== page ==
AMC Theatres ran a compelling contest in which they were to going to give away a free year of movies to four different people who tweeted with them during Comic Con 2011. The barrier to entry was extremely low. Contestants had to use the hashtag #amcsdcc in a tweet sharing a favorite movie memory from their life. In theory this would make the contest simple to enter and would ensure high volumes of participation.
The very low barrier to entry resulted in a response of over 200 tweets on the first day alone. On Friday, the second day, they only had 100 tweet entries, including an ambitious potential winner who was posting close to 50 times from one account. This person was filling up the hashtag stream, and became all the more noticeable because no one else was tweeting entries into the contest.
@free posts about the offer at 5:04 PM and within the next ten minutes, 39 @free readers have posted entries. By 5:28 PM I see so many familiar faces posting entries that I tweet that we are blowing up this previously dormant hashtag. 70 entries in 24 minutes. Two hours later and there are over 400 tweets on the #amcsdcc hashtag, and over 75% of the tweets are from @free readers.
@free readers were not only entering the contest, but they were sharing this offer with friends. @free’s tweet got close to 20 retweets and the AMC contest tweet I linked to got an additional 20 tweets from @free readers. As the @free audience continued to spread the word, they also used the general ComicCon hashtag #sdcc. Several other Twitter accounts including a prominent local San Diego TV station that had a ComicCon only account took notice. They then retweeted the post to their 800 plus Comic Con audience. Four hours later the hashtag was still getting used every two minutes. While only 25% of tweets were from @free readers by that point, the burst of close to 1000 tweets was seeded with one tweet from @free and the responses that came after it.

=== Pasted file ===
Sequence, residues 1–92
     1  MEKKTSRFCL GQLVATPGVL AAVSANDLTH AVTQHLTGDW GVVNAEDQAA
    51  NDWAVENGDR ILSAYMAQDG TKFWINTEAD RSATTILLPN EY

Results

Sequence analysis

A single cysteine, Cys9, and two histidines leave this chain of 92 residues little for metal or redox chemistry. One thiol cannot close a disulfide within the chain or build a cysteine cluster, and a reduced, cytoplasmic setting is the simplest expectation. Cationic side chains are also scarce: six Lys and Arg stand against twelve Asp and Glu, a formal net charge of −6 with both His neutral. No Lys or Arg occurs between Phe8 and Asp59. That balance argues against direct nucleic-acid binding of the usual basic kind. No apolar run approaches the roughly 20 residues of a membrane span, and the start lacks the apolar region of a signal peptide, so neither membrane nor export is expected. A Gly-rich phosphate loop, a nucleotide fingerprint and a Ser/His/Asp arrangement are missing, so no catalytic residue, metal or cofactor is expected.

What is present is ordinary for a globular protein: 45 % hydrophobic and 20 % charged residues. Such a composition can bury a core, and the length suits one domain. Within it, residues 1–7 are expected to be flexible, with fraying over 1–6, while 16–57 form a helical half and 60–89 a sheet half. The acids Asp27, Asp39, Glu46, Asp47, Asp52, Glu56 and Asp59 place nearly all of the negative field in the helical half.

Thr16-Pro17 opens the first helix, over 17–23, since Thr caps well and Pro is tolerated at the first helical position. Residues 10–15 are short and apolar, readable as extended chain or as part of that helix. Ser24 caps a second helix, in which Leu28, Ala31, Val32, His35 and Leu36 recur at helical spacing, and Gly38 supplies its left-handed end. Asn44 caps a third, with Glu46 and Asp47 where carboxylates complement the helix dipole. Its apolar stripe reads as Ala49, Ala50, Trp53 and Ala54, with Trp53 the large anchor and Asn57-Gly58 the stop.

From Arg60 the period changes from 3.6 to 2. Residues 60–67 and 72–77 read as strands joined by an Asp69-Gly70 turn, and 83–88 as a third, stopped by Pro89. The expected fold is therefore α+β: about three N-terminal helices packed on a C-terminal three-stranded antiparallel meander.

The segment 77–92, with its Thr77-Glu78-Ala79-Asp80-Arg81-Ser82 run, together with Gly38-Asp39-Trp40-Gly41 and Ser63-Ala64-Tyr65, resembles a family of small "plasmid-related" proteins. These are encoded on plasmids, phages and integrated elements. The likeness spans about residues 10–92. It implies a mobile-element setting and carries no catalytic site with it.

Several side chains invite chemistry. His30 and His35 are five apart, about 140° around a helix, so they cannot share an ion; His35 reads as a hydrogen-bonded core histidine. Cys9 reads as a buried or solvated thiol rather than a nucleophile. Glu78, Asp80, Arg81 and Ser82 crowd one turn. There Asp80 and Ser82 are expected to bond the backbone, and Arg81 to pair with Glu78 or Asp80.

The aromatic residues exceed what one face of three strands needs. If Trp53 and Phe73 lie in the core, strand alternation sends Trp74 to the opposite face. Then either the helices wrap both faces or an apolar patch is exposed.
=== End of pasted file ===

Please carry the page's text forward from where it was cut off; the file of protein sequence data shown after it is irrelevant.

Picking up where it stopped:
Reason for the success of this wave of tweets included:
- A very compelling prize of free movies for a year.
- Lower barrier to entry. Just have to use a hashtag.
- Seeding the campaign with an @free tweet so a large and highly engaged audience would participate.
- The seeding led to many entries based on the initial @free tweet. In addition, the cross use of the Comic Con hashtag (#sdcc) that AMC originally used help spread the contest to a broader audience that could not help but notice the high volume of tweets that were involved while following this hashtag. This led to interest in checking out AMC via RT’s in the stream and then prompted RT’s reaching the original desired audience who was aware of Comic Con.
Great prizes, but no reason to share
@free readers served an important role by spreading this contest, however this is not an isolated event. On the day before, one of our own contest tweets (just one of them) achieved 944 unique retweets as tracked by Crowdbooster.
The term “viral” is thrown around far too much, but @free is able to achieve it to a degree by building viral elements into our contest and having the wide appeal of an account that is focused on providing free.
AMC suffered from a lack of viral elements. The barrier to entry was low, the prize was great, but there was nothing built into the contest to help share the message. Another person would have to be interested enough to look at the hashtag and figure out what the contest rules were. AMC did pay to have their tweet promoted via the Twitter ad system, so those using the hashtag would find it. But the lack of a viral element hurt them in keeping the momentum going to spread the message. @free’s promotion of the contest was able to overcome this by sheer volume of entry tweets that used the hashtag. In the end, two of the four prizes were won by @free readers.
Creating contests that actually reach your target audience
This use case provides a compelling reason to consider seeding your promotional contest through established accounts, such as @free, that have a track record of high volume followers willing to take action for adequate prizes and generate real buzz.”
It is easy to go from reading to action
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